At 6-foot-3, 259 pounds, Brady Poppinga, the Green Bay Packers' second fourth-round selection of the 2005 NFL Draft, and the 125th player taken overall, doesn't look like your typical linebacker.
For the first three years of his college career, Poppinga was an 'undersized' defensive end for Brigham Young, making 104 tackles and 13 sacks. But after injuries forced the Cougars to juggle their roster, Poppinga became an 'oversized' linebacker as a senior, an imposing figure who pro personnel director Reggie McKenzie said can run a 4.6-second 40-yard dash.
"(Defensive coordinator Jim) Bates wants guys who can run and hit," McKenzie said. "He'll fit that. You don't have to be 5-11 and 220 to run and hit. We can find bigger people to do that, and we think we have that in Poppinga."
Poppinga was actually recruited to BYU as a middle linebacker, so he wasn't totally starting from scratch when he made 79 tackles, including 12 tackles for loss, last season. But he's far from a finished product.
Given his size, Poppinga gives the Packers another capable pass-rusher and the power to clog up the running game on the strong side. But West Coast scout Sam Seale said Poppinga is also nimble enough to backpedal into coverage as necessary.
"You could get a highlight film where you could make anyone look good," Seale said, "but you could put in game film and see (Poppinga) drop back 15, 20 yards downfield and come back and make plays.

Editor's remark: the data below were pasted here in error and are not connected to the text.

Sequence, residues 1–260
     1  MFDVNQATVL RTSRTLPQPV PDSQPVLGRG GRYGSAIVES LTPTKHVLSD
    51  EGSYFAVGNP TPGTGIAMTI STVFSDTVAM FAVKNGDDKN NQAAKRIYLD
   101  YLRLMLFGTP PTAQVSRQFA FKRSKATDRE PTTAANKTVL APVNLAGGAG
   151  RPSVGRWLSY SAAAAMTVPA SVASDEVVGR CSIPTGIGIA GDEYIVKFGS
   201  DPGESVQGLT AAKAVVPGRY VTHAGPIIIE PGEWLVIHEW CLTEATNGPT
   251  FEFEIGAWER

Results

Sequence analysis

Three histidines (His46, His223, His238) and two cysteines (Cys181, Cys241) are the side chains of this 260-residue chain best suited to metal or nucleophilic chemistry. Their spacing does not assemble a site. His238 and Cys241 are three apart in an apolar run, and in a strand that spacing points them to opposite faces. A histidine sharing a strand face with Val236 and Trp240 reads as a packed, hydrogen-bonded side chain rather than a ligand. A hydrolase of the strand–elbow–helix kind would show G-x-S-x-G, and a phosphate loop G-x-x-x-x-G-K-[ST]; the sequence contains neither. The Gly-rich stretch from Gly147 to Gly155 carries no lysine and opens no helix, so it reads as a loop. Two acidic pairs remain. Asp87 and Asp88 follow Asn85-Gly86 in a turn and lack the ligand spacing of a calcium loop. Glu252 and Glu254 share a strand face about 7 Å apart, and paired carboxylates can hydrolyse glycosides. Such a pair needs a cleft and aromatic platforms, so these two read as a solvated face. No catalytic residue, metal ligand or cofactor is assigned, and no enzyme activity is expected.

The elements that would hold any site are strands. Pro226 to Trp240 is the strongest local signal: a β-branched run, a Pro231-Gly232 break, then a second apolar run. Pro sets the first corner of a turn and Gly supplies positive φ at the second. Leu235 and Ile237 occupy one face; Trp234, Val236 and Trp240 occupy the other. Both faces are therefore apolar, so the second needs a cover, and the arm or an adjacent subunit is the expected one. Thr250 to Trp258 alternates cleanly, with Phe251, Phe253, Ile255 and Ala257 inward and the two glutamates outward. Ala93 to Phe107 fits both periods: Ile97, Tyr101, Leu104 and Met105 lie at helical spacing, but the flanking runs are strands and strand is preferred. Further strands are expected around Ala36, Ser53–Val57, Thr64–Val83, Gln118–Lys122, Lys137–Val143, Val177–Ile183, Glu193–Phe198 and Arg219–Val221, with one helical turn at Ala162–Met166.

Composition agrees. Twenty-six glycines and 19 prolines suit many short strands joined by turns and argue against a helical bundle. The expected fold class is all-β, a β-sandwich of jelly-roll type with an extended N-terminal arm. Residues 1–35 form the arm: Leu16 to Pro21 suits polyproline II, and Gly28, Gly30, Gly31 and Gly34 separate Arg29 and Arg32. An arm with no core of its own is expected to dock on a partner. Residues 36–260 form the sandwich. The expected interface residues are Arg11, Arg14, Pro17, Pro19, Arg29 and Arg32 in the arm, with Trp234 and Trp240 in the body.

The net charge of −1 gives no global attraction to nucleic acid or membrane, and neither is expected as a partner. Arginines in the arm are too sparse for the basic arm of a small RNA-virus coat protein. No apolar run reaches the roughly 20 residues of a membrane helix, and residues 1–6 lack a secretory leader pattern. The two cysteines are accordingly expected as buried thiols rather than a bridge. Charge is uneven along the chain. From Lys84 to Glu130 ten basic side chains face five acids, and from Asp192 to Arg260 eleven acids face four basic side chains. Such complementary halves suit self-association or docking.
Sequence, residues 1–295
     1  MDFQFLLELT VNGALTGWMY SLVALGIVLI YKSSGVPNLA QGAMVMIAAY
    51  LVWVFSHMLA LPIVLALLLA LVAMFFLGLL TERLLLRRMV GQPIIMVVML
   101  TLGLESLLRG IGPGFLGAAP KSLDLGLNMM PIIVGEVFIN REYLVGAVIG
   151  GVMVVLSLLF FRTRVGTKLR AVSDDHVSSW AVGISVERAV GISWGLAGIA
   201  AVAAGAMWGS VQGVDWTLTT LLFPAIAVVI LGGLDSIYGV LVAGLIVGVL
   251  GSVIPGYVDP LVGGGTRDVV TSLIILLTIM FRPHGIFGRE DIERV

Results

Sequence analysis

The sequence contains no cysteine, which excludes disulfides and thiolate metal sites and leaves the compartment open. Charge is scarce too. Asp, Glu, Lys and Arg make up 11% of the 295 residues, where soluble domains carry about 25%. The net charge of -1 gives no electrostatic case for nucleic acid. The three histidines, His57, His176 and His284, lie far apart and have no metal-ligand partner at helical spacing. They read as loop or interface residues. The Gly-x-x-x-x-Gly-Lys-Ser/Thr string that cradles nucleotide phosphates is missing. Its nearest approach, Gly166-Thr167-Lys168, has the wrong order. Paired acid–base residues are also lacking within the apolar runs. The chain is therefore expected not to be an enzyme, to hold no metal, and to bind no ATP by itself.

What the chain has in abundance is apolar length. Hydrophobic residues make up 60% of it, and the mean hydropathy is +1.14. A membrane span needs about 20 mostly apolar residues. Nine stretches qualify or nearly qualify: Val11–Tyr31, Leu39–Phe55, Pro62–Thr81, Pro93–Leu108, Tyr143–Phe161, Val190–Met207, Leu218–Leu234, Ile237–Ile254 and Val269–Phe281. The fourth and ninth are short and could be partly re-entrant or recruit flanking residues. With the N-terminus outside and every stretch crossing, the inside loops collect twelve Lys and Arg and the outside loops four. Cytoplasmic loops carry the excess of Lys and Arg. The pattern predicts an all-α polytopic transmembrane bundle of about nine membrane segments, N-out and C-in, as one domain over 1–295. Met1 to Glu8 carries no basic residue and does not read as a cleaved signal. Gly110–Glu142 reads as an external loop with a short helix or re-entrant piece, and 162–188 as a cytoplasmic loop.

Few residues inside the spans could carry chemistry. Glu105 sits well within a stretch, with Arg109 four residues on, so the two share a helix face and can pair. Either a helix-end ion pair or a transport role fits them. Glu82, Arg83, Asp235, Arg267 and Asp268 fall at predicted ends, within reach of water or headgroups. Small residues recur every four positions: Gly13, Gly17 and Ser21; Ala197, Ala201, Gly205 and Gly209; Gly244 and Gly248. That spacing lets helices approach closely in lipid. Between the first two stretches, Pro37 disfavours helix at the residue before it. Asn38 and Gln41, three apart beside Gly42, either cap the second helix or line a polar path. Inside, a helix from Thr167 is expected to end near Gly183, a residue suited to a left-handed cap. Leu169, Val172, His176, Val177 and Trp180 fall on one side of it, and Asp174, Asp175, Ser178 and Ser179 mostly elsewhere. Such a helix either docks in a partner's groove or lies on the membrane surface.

"He was a pretty good pass-rusher. He's another guy who can do more than one thing; instead of taking him out of the game, you can put him out on the corner (to rush the quarterback). That's more value."
In addition to his physical traits, Poppinga also brings a maturity and life experience that could help ease his transition into the NFL.
Older than the average draftee at 25 (26 in September), Poppinga is already married and a father. His collegiate football career was delayed while he went on his two-year Mormon mission to Uruguay from 1998-2000, where he not only learned a new language but perseverance, too.
"It was one of the hardest things I've ever done in my life, just because I left my family and friends and there's nothing that even comes close to resembling football down there," Poppinga said. "It was very difficult, but one of the greatest experiences of my life.
"I tried playing (soccer) a little bit, but I don't like to run without hitting people ... I learned how much I truly loved football. My passion for the game, my drive to be the best I could, just increased in that time because it was taken away from me."
Poppinga described himself as a "relentless" player and said he would do whatever the coaching staff asked of him in order to get on the field. That's not hard to believe. Asked to switch to linebacker before his senior season, Poppinga didn't balk or hesitate.
"I said, 'Let's do it, man,'" Poppinga recalled. "And it's worked out pretty good."